I’ve participated in around 14 missions with Operation Smile over the last eight years in Rwanda, Congo, Philippines, Cambodia and different areas around Egypt which wouldn’t have been possible without my very supportive and understanding manager who pushes me to be the best I can be, on both a professional and personal level, and I’m beyond grateful for that.
From your experience working in the energy sector, do you feel that women have the same opportunities as men in the oil and gas industry?
I think there’s still a lot that can be done to improve diversity and to encourage women to consider working in the oil and gas industry. I believe there is still a misconception that women ‘can’t handle’ this industry because it’s such a challenging environment but this is simply not true. Companies must do all they can to attract strong, female graduates and be willing to train and invest in them to ensure they can become leaders in their field. It’s crucial that more opportunities are created for women and most importantly, peoplemust understand that this industry is for everyone regardless of gender.
Do you think that some women might be deterred from working in the oil industry because it is usually a male dominated sector of work?
Unfortunately the oil industry is less gender diverse than some other industries and it’s more common to see male figures in senior positions, which mayput some women off when it comes to joining the industry. I personally believe that this should be motivation for more women to consider the energy sector as itdemands a diverse range of skills and expertise. However, I would love to see more companies empoweringthe women who are willing to join the industry and trying to remove any potential obstacles.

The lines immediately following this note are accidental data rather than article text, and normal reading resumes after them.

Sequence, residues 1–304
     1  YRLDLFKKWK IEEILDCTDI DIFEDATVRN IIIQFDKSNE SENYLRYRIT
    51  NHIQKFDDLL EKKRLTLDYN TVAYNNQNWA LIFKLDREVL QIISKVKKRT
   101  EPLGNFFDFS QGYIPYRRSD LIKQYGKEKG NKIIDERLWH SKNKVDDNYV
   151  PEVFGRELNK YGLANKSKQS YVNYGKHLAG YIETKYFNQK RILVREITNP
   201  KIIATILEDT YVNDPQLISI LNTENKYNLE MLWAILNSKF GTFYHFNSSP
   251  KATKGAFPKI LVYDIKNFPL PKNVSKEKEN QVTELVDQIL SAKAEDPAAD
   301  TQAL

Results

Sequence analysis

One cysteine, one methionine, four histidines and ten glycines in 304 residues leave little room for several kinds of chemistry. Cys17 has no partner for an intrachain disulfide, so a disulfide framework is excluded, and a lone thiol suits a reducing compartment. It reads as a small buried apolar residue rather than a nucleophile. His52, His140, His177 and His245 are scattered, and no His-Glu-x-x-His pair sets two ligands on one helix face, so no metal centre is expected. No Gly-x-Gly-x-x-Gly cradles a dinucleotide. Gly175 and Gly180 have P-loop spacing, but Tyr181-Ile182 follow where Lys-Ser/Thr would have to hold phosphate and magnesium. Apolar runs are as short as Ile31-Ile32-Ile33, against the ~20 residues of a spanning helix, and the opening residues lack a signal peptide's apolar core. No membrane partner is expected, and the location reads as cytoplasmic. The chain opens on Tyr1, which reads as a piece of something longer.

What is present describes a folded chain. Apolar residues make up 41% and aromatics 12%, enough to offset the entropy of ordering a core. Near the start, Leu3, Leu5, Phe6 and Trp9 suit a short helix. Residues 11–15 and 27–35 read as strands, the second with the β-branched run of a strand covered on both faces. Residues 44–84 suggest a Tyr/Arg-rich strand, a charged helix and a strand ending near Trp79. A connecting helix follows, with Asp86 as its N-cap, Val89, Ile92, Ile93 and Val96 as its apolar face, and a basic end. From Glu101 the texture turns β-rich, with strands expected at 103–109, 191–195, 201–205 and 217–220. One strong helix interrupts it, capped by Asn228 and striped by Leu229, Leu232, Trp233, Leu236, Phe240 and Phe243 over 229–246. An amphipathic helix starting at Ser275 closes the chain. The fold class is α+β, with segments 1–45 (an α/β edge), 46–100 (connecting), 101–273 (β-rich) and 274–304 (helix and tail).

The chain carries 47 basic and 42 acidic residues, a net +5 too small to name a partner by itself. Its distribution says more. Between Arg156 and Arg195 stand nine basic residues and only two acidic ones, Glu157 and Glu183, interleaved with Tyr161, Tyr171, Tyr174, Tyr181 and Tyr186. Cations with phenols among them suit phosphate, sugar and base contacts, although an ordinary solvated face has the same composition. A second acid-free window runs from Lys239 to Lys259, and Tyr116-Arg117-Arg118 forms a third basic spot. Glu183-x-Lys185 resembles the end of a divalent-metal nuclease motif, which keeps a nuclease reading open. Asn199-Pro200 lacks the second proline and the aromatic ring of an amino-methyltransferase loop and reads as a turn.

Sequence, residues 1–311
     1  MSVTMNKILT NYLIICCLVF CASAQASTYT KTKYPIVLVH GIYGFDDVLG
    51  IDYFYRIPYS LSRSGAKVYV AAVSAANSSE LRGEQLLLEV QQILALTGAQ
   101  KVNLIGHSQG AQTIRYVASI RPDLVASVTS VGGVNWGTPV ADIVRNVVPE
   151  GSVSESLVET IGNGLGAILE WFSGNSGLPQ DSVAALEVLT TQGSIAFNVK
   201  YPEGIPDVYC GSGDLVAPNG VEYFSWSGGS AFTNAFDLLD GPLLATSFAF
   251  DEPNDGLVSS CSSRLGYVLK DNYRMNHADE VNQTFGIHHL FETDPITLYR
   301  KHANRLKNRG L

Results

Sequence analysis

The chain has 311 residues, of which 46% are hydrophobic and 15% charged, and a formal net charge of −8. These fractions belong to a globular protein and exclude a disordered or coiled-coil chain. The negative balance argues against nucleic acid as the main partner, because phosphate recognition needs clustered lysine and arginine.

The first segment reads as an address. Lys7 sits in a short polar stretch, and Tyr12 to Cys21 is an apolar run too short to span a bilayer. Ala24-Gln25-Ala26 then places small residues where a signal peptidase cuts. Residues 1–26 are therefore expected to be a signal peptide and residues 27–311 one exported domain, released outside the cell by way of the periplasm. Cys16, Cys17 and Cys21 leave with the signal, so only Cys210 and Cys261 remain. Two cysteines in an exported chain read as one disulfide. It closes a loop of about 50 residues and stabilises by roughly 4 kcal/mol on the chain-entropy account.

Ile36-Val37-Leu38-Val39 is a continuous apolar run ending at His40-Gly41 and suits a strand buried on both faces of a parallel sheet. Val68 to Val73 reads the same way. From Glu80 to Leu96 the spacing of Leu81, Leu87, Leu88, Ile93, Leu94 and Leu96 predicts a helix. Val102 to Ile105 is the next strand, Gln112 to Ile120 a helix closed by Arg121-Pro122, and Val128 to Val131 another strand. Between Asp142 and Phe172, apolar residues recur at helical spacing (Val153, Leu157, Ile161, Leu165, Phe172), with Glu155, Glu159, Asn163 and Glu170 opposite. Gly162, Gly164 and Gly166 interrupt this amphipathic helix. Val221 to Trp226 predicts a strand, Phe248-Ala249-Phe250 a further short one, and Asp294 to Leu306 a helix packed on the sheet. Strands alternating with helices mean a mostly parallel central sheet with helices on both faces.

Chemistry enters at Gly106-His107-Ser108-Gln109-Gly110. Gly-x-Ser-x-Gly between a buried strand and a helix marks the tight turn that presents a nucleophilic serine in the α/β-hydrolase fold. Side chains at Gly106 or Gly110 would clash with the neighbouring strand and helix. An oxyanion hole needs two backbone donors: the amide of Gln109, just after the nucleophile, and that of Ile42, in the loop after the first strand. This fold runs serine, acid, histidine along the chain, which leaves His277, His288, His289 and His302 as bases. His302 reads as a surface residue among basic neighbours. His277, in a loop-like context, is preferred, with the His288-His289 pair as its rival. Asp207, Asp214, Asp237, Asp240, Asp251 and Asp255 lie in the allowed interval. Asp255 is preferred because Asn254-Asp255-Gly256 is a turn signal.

When I first joined the company, I faced some challenges but I felt empowered and motivated to be better every day. I’m lucky to have experienced nothing but respect and support from my colleagues who have always treated me as a valuable member of the team.
What would be your advice for any young women who are looking to succeed in the oil industry?
My message to young women is that there’s no such thing as failure, only lessons learned. There will always be fear and new challenges but they will make you stronger. Challenges are a gift that allow us to grow and push us to the next level. The oil industry is very competitive but women don’t have to take the easy route and should embrace the chance to develop confidence and grab any opportunities that come their way. It’s saddens me that some people still underestimate the power of women or question their abilities and I believe girls should be taught from a young age that the sky is the limit and that gender should never be an obstacle to prevent them from achieving their goals in life.
Where do you see yourself in the future in terms of your career aspirations?
I’m always looking for new ways to improve my skills and knowledge. The last five years working at TWMA have been very successful for me and I’m planning to further my Human Resources studies and enrich my knowledge of the oil and gas industry.
By enabling me to pursue my passion to help others, TWMA has helped me to be the best version of myself and give something back to my community. Because of this, I approach each day with a positive attitude and a clear mind which has a direct impact on my productivity in my work. As I build on my skills and knowledge, I hope that I can work my way up the managerial ladder in the near future.